2014 nLI Officers PRESIDENT — John Bates Barnes Building Materials Cedar Falls, Iowa VICE PRESIDENT — Larry Provance Arrow Building Center Chadron, Nebraska

Beth Stoll Executive Editor

Treasurer — Wayne Briggs Crane Johnson Lumber Fargo, North Dakota

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News & Events Winter classES Well attended throughout the NLA region Sixteen students, with experience ranging from 6 weeks to more than 16 years, attended the Blueprint Reading/ Material Take Off class in Roseville, Minnesota in January. Casey Voorhees from the Western Building Material Association did a fantastic job in leading the class during the two-day event.

NLBMDA Outlines 2014 Policy Agenda The National Lumber and Building Material Industry (NLBMDA) released its national legislative and regulatory policy agenda for 2014. The 2014 National Policy Agenda brings focus to the common interests of the industry and includes policy goals to revitalize our nation’s housing and building industry. “Our industry was hit hard by the recession, but our members have rebounded with lessons about what needs to be done to set the housing industry on the path to economic

growth. We need policymakers to focus on eliminating unnecessary regulatory burdens, creating sound fiscal policies, and reforming our tax code in a way that will aid the economic recovery,” said NLBMDA Chair Chris Yenrick, President of Smith Phillips Building Supply in Winston-Salem, N.C. “The 2014 NLBMDA National Policy Agenda outlines what our vital small businesses need to boost employment and get our country back on track.” NLBMDA will continue to advance pro-growth policies that will strengthen small businesses and protect the many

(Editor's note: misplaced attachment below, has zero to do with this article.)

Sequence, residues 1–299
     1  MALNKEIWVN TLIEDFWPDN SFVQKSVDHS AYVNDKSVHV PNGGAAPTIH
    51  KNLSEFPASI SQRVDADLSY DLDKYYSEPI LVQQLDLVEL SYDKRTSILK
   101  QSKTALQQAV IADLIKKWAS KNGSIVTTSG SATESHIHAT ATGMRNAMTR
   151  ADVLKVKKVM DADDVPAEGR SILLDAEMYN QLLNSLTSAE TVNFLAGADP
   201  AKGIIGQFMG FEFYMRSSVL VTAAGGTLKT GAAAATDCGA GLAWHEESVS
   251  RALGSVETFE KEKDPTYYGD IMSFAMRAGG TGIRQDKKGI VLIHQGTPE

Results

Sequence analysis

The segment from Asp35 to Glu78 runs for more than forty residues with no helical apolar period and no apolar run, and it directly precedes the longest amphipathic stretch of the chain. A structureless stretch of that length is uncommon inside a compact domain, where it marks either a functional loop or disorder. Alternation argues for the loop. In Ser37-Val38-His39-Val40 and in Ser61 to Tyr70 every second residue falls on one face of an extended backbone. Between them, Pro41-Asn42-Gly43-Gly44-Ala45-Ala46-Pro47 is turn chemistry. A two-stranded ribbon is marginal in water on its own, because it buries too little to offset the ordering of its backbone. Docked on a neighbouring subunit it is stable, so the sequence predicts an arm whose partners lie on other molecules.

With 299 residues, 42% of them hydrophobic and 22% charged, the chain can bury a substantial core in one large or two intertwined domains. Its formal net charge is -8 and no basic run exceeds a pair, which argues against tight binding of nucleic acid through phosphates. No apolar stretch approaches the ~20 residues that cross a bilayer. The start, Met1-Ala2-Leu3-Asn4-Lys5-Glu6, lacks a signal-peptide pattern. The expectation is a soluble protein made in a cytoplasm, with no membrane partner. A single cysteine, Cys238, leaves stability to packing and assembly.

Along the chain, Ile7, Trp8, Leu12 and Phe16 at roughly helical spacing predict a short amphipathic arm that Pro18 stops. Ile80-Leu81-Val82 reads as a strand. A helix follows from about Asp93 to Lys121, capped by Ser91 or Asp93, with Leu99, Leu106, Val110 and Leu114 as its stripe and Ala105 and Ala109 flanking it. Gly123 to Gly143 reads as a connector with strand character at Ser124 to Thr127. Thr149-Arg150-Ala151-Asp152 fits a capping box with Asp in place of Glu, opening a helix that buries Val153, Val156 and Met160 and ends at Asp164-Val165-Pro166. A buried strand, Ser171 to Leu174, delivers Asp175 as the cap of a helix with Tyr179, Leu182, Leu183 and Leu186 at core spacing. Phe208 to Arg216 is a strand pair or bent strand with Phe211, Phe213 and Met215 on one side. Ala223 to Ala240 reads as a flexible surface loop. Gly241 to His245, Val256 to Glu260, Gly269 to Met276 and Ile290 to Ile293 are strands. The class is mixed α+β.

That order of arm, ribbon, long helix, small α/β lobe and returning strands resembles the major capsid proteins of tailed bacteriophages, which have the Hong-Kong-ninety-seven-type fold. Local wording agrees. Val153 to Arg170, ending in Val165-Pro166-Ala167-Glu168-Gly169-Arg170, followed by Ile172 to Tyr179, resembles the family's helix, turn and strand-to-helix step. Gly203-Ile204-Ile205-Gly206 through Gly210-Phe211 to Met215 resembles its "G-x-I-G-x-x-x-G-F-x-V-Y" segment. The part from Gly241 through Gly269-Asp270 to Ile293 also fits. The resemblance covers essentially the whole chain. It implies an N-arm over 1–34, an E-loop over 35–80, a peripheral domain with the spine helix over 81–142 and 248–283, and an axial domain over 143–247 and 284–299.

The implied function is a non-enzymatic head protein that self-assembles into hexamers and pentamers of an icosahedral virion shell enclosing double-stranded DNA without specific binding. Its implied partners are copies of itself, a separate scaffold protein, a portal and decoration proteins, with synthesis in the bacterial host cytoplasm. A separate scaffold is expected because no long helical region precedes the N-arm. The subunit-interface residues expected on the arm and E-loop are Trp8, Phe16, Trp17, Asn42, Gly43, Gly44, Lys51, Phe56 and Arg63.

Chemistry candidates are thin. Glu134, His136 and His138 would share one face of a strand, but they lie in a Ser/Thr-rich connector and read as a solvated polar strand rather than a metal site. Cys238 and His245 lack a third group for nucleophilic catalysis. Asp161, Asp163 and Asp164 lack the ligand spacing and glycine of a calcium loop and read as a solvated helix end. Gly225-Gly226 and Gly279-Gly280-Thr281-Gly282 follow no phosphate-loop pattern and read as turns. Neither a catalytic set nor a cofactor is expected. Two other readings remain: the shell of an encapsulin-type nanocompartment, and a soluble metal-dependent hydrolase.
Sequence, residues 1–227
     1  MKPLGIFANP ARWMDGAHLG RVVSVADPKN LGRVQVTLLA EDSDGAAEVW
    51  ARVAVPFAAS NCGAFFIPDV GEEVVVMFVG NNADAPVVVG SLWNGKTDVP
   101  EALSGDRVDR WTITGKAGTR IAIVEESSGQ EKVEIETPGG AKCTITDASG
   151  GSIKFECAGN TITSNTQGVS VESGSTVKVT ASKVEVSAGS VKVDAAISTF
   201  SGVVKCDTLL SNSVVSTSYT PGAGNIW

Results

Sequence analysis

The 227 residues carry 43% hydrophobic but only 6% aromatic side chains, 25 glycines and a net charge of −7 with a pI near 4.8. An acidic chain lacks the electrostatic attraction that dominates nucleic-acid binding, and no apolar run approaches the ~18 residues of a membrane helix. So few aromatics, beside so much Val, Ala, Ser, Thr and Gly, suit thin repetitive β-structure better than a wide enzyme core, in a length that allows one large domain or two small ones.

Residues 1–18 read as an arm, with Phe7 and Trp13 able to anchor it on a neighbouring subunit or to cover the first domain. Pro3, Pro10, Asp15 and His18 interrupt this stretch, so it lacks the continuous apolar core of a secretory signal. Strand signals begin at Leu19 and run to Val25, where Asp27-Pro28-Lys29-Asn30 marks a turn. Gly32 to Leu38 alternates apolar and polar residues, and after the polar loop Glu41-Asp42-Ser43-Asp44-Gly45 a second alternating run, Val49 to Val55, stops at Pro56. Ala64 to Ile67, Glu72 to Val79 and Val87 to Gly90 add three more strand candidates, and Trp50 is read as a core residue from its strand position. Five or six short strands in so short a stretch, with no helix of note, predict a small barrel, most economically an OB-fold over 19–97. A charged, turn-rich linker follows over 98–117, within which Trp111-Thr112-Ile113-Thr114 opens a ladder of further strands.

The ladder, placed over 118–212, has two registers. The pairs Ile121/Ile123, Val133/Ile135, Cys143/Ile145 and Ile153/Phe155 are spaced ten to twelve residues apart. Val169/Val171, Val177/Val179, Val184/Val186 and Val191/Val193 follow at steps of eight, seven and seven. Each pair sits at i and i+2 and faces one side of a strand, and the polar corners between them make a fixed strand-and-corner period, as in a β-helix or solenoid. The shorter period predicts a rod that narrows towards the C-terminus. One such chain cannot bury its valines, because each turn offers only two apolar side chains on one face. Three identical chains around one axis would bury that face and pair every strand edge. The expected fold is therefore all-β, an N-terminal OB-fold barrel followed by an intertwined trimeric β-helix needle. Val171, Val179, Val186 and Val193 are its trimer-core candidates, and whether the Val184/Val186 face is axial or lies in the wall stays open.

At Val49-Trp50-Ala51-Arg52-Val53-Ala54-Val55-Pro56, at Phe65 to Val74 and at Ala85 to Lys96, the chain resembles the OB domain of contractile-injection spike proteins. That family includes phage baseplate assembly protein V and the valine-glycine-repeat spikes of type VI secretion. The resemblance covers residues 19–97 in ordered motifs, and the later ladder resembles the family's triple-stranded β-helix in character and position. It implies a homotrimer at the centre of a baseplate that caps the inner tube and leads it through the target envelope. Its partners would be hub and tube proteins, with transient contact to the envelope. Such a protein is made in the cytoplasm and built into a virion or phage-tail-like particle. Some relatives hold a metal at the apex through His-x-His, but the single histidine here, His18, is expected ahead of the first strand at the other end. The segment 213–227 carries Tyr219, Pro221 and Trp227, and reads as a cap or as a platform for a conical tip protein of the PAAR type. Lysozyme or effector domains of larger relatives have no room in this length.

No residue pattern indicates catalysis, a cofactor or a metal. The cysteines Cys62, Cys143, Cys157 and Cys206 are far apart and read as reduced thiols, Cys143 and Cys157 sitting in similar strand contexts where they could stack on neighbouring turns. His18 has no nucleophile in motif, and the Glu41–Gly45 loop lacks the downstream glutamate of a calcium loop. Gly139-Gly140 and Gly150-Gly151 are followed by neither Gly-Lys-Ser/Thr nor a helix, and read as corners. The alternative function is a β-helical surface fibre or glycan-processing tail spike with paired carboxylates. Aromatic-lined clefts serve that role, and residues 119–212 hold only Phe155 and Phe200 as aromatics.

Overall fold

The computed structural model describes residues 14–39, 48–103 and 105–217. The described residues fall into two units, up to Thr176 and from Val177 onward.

Calendar of Events april

Lampert’s Yards sent several students to the Blueprint Reading/Material Take Off class in Roseville, Minnesota last January.

According to students, Voorhees does a great job of using visuals for new folks to the lumber business without it coming across as being “too basic” for more experienced estimators. He has an easy to follow step by step procedure that will save a ton of time, all the while being very accurate. One student commented, “Awesome formulas — makes a takeoff easy to get your arms around. Very beneficial.” Two additional classes were held at the end of February in Omaha, Nebraska and Cedar Rapids, Iowa. If you are interested in attending or sending students to classes of this kind, please contact Connie Johnson at (763) 595-4045 or cjohnson@nlassn.org. If a class is not currently offered in your area, she will make arrangements with other interested dealers to get one scheduled. 8

2014 NLBMDA Spring Meeting & Legislative Conference Arlington, Virginia

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Minnesota Wild Night Xcel Energy Center St. Paul, Minnesota

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IOWA Arena Football Wells Fargo Arena Des Moines, Iowa

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may Nebraska Golf Outing Quail Run Golf Club Columbus, Nebraska

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june IOWA Golf Outing Otter Creek Golf Course Ankeny, Iowa

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multi-generational family-owned businesses in the industry. The association’s agenda includes the industry’s positions on: housing & construction policy; tax & economic policy; legal reform & consumer protection; workforce policy; the environment, health, & safety; product supply & trade; energy policy; transportation policy; and highway safety. NLBMDA’s 2014 National Policy Agenda will be distributed to members of Congress and key Administration officials and will be used by NLBMDA members when they visit their members of Congress during the NLBMDA Spring Meeting and Legislative Conference early this month.